Share splits can add to a stock’s appeal, but it’s not reason enough to buy

share splits

Share splits may make a stock more attractive to many investors, but it takes more than that to make it a buy.

Share splits are when a company simply cuts itself up into a different number of pieces, without changing its fundamental value. It simply wants its stock to trade in a price-per-share range that seems reasonable to investors.

How share splits work

Mechanics of a split: If a stock’s price rises much beyond $50 a share in Canada (or $100 a share in the U.S.), some investors may shun it since it seems expensive. The company’s management may then declare a stock split of, say, two-for-one. This turns one “old” share into two “new” shares. If you owned 100 shares of a $60 stock, you now own 200 shares of a $30 stock.


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You don’t need to take any action. When you sell your shares and they get re-registered in the new owner’s name, the registrar will issue a new certificate for the proper number of shares.

With most conventional share splits, good news often follows. Companies mainly split their shares when they want to draw attention to themselves—because they expect earnings to rise faster than normal, say. At such times, they may also raise the dividend. However, sometimes companies get overly optimistic. Their profits come in far below expectations, and they can’t keep paying the new, higher dividend. So a sharesplit can be good or bad, depending on details.

Reverse share splits are typically followed by a fall in the share price

Splits in reverse: If the value of a stock collapses to pennies a share, investors may think it is headed for zero. To bring its share price back up to more respectable levels, the company may declare a reverse split: five, 10 or more ‘old’ shares will then turn into one “new” share. This ‘reverse share split’ is also called a “share consolidation”. This often happens to penny mining companies that have spent all their money without finding any valuable mineral deposits.

With reverse share splits, stock prices often fall back down again. Some investors sell because the stock seems more expensive than it was, even though a given holding represents the same percentage ownership of the company. Others sell because they fear the company will raise money by selling new shares, and this will drive down its stock price.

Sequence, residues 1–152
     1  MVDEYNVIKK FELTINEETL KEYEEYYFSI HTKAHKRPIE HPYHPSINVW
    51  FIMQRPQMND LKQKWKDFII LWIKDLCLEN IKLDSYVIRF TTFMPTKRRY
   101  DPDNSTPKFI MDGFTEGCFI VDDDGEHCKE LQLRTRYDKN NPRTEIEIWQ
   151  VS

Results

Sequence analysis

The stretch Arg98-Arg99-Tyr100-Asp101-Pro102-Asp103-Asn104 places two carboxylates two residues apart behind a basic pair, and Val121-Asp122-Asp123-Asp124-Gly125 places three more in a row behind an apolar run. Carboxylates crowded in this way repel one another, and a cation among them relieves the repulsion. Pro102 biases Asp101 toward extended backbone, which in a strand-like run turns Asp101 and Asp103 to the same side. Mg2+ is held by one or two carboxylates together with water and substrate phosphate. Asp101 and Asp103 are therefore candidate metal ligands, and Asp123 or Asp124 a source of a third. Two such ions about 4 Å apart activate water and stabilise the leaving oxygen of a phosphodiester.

Remember, share splits or consolidations are just one detail. Don’t let them distract you from more crucial matters such as a company’s fundamental value and how well it suits your investment objectives.

Spin-offs, not share splits, are sure things

Some investors love share splits and rush to purchase them beforehand. While you may pick some winners, we feel that spin-offs are closer to a sure thing. A spin-off is when a division of a business spins-off into its own company. A number of studies have shown that after an initial adjustment period of a few months, spin-offs tend to outperform groups of comparable stocks for several years. For that matter, the parent companies also tend to outperform comparable firms for several years after a spin-off. That above-average performance makes sense for a couple of reasons.

First, company managers naturally prefer to acquire or expand their assets, not get rid of them. Getting rid of assets reduces a company’s total potential profit, which reduces the funds it has available to pay its managers. The management of a parent company will only hand out a subsidiary to its own investors if it’s fairly confident that the subsidiary, and the parent, will be better off after the spin-off than before.

Second, spin-offs involve a lot of work and legal fees. The parent will only spin off the unwanted subsidiary if it can’t sell the stock for what it feels it’s worth. That’s why companies only have an incentive to do spin-offs under two sets of favourable conditions: When they feel it isn’t a good time to sell (which often means it’s a good time to buy); or, when they feel the assets they plan to spin off will be worth substantially more in the future, possibly within a few years.

Oddly enough, many investors react to spin-offs as a nuisance, because they leave you with a tiny holding in a stock you didn’t choose and know little about. This is contrary to how investors feel about share splits. Both share splits and spin-offs can help you increase your wealth. But in general, share splits and consolidations are a minor investing detail. Don’t let them distract you from more important matters, such as a company’s fundamental value and how well it suits your investment objectives.

Have you invested in a company that has had multiple share splits? Did they work out for you in the long term? Share your experience with us in the comments section

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